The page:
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R. A. K. Mason (Ronald Allison Kells Mason) Biography

(1905–71), (Ronald Allison Kells Mason), The Beggar, No New Thing, Squire Speaks, To Save Democracy

Literature Reference: American Literature, English Literature, Classics & Modern FictionEncyclopedia of Literature: Harriet Martineau Biography to John McTaggart (John McTaggart Ellis McTaggart) Biography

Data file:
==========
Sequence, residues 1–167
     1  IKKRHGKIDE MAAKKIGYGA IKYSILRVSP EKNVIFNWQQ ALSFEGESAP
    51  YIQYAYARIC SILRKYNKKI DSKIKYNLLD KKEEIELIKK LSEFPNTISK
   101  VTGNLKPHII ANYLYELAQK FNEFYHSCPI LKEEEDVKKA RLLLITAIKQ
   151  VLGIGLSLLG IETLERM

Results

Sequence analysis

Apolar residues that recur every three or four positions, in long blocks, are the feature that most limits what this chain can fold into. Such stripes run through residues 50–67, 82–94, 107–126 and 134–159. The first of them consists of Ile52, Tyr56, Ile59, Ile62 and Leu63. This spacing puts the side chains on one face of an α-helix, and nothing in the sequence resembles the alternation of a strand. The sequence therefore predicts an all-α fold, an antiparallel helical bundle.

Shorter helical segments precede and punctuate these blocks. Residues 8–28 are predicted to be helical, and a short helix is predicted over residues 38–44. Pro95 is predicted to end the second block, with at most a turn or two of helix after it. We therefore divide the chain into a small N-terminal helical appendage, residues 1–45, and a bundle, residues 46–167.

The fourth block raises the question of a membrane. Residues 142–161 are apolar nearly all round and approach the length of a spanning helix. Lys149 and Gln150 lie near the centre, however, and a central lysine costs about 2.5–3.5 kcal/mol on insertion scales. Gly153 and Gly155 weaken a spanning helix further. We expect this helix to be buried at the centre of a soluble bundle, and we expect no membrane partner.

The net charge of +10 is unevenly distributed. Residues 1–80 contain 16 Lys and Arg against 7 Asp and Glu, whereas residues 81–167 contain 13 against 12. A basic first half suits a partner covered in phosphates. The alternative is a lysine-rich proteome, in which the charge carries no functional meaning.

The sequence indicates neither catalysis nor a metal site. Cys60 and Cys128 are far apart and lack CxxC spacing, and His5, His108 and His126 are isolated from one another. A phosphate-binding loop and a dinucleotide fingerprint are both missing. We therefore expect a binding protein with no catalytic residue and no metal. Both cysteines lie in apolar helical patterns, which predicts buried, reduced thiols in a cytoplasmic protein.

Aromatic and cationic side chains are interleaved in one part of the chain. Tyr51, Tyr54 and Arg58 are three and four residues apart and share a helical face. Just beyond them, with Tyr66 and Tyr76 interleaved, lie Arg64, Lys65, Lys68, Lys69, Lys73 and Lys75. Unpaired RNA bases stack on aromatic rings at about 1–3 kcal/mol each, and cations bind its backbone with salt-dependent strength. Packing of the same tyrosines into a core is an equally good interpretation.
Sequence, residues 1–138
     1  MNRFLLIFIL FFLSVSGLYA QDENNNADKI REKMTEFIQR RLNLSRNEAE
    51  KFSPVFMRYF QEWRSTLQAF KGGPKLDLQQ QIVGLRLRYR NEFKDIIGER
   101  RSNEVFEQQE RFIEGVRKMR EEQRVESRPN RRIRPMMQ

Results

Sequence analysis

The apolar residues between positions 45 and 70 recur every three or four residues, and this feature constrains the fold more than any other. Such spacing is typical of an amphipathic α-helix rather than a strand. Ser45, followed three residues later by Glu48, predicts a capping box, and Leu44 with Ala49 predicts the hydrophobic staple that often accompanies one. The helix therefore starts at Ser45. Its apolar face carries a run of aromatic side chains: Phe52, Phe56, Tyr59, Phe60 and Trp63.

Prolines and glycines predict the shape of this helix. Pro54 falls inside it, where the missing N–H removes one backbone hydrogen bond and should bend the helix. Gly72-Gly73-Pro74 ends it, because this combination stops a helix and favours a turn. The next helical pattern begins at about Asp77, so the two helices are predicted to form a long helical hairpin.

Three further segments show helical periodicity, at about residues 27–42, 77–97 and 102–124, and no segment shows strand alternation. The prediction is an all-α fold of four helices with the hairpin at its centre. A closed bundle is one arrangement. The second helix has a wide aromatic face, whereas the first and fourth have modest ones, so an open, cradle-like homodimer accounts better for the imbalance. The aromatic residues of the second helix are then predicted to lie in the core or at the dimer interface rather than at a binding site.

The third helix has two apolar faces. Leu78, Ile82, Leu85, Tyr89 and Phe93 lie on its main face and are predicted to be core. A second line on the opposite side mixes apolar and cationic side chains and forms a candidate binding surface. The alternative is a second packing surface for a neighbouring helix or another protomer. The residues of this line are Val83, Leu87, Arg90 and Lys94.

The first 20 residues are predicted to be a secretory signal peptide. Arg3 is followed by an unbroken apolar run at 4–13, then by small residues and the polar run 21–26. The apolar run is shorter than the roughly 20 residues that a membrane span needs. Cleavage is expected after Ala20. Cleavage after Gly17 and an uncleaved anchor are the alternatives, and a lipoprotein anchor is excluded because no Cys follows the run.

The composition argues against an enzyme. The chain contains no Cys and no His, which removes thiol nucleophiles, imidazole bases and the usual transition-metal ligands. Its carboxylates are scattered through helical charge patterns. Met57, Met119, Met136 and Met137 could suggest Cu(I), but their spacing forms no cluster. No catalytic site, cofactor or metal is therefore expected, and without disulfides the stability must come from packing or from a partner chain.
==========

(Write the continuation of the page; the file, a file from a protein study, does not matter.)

New Zealand poet, born near Auckland, educated at the University of Auckland. His early interest in Latin writers became a lasting influence on his own work. Mason lived most of his life in Auckland. A committed Marxist, and politically active during the Depression of the 1930s, he was an important influence on other writers, though he wrote but little himself; Charles Brasch, A. R. D. Fairburn, and Allen Curnow were among those who knew him well, and in 1964 he introduced the first volume by the Maori poet Hone Tuwhare. Early volumes The Beggar (1924) and No New Thing (1934) were not a success and later books fared little better. Among several plays are Squire Speaks (1938), a satire for radio, and To Save Democracy (1938), an essay-like drama which explored the treatment of New Zealand's conscientious objectors during the First World War. This Dark Will Lighten: Selected Poems, 1923–41 (1941) appeared when much of Mason's energy was devoted to trade union activities, but exemplified his effective blend of harshly understated realism and lyric grace. Mason's Collected Poems (1962) includes a valuable introduction by Curnow.

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